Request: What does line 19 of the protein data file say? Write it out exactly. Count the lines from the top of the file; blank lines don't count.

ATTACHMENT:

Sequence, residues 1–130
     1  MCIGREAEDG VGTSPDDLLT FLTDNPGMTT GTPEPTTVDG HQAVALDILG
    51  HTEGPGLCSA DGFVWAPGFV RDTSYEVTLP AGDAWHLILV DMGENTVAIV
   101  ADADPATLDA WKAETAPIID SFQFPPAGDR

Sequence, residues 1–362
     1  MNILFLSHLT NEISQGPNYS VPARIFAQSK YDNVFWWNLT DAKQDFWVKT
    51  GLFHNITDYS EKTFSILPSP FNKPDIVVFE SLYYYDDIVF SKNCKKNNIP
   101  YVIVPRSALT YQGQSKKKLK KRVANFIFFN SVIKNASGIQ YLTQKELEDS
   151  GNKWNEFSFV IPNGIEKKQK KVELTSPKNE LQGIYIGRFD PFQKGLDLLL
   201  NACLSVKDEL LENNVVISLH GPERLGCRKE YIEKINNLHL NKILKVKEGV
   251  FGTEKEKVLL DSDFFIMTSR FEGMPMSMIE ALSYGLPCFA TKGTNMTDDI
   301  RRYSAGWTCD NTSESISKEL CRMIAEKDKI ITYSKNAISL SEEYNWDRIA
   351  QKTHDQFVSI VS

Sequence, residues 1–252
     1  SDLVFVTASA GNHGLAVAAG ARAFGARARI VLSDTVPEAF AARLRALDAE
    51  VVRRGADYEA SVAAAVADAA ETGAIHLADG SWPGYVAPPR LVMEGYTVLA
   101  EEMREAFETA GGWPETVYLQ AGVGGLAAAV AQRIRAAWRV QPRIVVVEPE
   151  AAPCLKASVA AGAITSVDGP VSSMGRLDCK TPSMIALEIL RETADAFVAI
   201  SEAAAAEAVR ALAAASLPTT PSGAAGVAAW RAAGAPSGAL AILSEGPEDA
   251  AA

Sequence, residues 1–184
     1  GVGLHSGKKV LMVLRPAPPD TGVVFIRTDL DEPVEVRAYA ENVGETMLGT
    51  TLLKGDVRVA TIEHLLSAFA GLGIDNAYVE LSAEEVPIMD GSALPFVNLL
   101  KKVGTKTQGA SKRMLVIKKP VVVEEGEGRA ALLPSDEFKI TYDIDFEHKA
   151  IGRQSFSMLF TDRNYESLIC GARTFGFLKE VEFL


   201  SEAAAAEAVR ALAAASLPTT PSGAAGVAAW RAAGAPSGAL AILSEGPEDA